Rugby Union: French polisher

Gloucester 35 Bristol 13
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The Independent Online
There was a sense of great expectation at Gloucester as their threequarter line was transformed by the exotic infusion of a Franco-Antipodean axis. As it was, the most notable of the four imports, Philippe Saint- Andre, brought the house down.

Montferrand's loss is Gloucester's gain. Saint-Andre scored two tries on his debut in the English premiership to inspire Gloucester to a terrific revival. If it was thought a red-blooded West Country derby would not be the ideal curtain-raiser for the veteran French captain, he had other ideas. Saint-Andre, socks rolled characteristically around his ankles, was in his element.

One advantage of the early start to the season is that the pitches are in immaculate condition. Not that it seemed to raise the game of either side in a disjointed, error-strewn first half. Bristol, who had lost almost half their pack to more ambitious, wealthier clubs, held a 6-0 lead at half-time, courtesy of two penalties from the stand-off Paul Burke. They deserved their lead, with their captain Robert Jones looking sharp at scrum-half and with their young forwards taking the game to Gloucester.

However, the 10-minute interval at half-time seemed to work wonders for the cherry and whites. Within seconds of the re-start, Gloucester swept into an irresistible lead, spearheaded by Philippe, the elder of the Saint- Andre brothers. After the Western Samoan Terry Fanolua had made ground into the heart of the Bristol defence, Scott Benton cleverly switched the direction of play from midfield and Saint-Andre darted through for a try in the left-hand corner.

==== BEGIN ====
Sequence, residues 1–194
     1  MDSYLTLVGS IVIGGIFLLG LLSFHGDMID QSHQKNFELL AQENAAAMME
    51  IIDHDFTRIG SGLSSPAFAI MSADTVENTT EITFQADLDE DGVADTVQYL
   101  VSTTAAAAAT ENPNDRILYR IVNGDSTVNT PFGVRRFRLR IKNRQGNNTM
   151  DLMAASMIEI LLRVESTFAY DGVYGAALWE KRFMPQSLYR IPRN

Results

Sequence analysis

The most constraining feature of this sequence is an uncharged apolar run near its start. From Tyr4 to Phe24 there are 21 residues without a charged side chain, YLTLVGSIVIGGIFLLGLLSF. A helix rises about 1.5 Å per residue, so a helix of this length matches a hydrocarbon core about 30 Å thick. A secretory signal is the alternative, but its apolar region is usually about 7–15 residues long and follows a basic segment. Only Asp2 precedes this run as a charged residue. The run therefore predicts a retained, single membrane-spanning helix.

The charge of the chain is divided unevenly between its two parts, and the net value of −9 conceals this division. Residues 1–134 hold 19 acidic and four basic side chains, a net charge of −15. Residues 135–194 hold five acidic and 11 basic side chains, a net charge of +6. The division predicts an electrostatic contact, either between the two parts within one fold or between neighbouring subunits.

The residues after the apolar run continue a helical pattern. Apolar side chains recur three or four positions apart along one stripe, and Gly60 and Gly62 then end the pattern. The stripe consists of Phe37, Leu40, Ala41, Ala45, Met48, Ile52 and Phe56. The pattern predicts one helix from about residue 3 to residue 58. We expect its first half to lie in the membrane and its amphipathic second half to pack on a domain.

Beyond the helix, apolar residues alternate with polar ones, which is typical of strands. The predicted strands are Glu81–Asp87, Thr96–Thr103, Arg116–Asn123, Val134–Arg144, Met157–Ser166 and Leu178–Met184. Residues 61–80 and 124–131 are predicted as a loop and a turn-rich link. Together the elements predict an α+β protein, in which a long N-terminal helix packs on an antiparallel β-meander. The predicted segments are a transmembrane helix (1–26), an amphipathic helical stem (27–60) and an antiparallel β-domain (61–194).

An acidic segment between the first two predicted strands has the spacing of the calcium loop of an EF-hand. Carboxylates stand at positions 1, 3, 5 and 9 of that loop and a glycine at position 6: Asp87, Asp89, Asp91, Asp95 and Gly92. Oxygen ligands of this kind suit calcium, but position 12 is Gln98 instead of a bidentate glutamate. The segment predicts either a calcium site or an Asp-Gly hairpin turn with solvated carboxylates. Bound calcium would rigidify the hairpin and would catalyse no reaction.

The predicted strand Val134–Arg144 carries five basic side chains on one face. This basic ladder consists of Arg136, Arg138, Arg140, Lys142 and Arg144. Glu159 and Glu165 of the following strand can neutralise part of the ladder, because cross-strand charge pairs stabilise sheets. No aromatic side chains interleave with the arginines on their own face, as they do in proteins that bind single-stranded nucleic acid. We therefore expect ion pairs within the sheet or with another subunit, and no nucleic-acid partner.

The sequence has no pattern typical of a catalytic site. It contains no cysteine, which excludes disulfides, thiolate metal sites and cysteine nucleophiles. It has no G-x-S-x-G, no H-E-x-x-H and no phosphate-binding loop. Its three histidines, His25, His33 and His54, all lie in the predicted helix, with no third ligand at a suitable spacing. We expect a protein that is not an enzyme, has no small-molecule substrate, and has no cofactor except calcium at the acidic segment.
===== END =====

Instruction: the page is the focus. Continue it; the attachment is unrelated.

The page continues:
Mark Mapletoft added a penalty a minute later and Gloucester surged further ahead when the Bristol wing Dave Tiueti lost the ball in a tackle near the home 22 and, in a blistering counter-attack, Fanolua released the crowd's new favourite. Taking the ball near the halfway line, Saint-Andre cut inside Fraser Walters before sprinting over for a try under the posts.

The second half exploded into life and Bristol played their part with a cracking try from David Corkery which put them back into the game. It was, however, a brief respite as Gloucester went up a gear.

They added further tries from Tony Windo and Rob Fidler, for a conclusive victory.

West Country seamstresses had been working overtime to accommodate, on the Gloucester jerseys, the name of Eagle Star. The insurance group yesterday signed a two-year deal to sponsor, simultaneously, Gloucester and the Arrows Formula One team. The common denominator between the two, which hardly seem natural bedfellows, is Tom Walkinshaw, a director of Gloucester and the Arrows owner. After watching Damon Hill in qualifying for the Belgian Grand Prix, Walkinshaw flew in to Kingsholm to see if Richard Hill's new machine could get off to a decent start. It did, with one Frenchman in particular looking as sharp as an arrow.

Bristol's director of rugby Alan Davies, who had been looking forward to the short trip to Gloucester, could not have anticipated that Saint- Andre would have adapted in such electric style. His contribution, at a crucial stage in the game, cannot be overestimated.

Gloucester: C Catling; R Saint-Andre, R Tombs, T Fanolua, P Saint-Andre; M Mapletoft, S Benton; T Windo, P Greening (N McCarthy, 40), A Deacon, M Cornwell, R Fidler, P Glanville (capt), S Devereux, N Carter.

Bristol: J Lewsey; D Tiueti, K Maggs (M Denney, 75), F Walters, B Breeze; P Burke, R Jones (capt); M Worsley, K Dunn, K Fullman, J Wakeford, J Brownrigg, D Corkery, E Rollitt, C Short (S Pearce, 79).

Referee: J Pearson (Durham).

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